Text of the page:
Emily Grady of the Garrison Institute’s Climate, Mind and Behavior (CMB) initiative recently presented at the White House Council on Environmental Quality’s GreenGov symposium, which was convened to identify opportunities for greening the Federal government. She focused attention on one of the CMB program’s insights into the importance of people-centered approaches in reducing carbon emissions.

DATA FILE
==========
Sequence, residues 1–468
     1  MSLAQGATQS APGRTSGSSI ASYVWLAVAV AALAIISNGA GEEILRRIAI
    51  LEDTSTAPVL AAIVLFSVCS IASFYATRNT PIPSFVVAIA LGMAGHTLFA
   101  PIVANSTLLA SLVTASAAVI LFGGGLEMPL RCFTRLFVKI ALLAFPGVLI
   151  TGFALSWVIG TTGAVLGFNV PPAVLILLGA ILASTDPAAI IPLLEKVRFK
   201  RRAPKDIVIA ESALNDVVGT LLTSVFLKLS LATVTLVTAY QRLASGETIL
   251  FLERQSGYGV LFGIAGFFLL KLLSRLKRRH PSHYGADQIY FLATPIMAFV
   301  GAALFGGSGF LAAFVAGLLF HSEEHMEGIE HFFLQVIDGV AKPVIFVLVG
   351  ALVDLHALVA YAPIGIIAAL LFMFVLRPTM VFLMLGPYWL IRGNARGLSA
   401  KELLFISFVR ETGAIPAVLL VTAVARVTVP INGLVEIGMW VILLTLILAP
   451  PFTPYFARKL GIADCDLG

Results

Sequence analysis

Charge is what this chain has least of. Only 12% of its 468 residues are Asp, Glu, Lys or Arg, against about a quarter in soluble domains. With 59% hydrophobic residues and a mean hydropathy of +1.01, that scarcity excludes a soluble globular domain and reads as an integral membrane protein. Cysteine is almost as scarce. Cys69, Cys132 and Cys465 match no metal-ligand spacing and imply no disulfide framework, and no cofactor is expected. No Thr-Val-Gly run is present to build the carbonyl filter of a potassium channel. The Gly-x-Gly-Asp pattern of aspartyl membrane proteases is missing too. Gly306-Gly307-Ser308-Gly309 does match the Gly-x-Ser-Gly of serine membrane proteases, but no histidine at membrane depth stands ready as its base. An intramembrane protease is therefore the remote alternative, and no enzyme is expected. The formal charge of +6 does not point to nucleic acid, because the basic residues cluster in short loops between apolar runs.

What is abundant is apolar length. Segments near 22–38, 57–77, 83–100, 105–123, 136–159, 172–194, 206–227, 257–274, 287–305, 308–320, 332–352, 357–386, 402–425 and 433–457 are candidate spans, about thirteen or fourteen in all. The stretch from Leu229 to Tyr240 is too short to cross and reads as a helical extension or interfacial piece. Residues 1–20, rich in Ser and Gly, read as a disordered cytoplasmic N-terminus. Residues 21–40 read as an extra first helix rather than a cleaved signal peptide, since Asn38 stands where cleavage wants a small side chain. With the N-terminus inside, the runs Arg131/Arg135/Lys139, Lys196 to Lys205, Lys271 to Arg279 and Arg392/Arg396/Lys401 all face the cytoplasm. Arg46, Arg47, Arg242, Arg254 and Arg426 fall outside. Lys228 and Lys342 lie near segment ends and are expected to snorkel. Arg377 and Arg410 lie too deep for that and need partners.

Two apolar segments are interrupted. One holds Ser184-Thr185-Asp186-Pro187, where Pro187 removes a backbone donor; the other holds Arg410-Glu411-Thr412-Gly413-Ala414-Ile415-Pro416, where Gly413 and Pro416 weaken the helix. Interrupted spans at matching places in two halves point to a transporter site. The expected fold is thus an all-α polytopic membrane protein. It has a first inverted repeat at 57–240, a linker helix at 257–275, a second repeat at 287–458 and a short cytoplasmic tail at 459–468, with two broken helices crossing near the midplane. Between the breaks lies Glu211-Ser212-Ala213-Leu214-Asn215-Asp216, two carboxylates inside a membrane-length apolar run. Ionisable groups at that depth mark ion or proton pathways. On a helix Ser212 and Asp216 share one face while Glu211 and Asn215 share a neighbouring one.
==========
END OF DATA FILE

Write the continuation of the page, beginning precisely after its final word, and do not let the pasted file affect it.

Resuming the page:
Well-conceived choice architecture can generate low- to no-cost human-engagement strategies with significant impact. In the example Grady gave, CMB Director Karen Ehrhart-Martinez, in the planning of the Behavior, Energy and Climate Change (BECC) Conference in 2009, spearheaded an effort to make use of a cognitive bias called the status quo bias, which suggests that people tend not to change a default option or an established behavior unless the incentive to change is especially compelling. Meat production is responsible for 18% of global greenhouse gas emissions, so, to reduce the conference’s indirect greenhouse gas emissions, the conference registration form was changed. Whereas in prior years it had participants mark a box if they wanted to opt out of the standard meat-based lunch, in 2009 the form specified vegetarian meals as the default. The result? The number of low-carbon, vegetarian lunches went from 20% in 2008 to 80% in 2009. Changing the default option was free and easy for the conference planners and much better for the environment.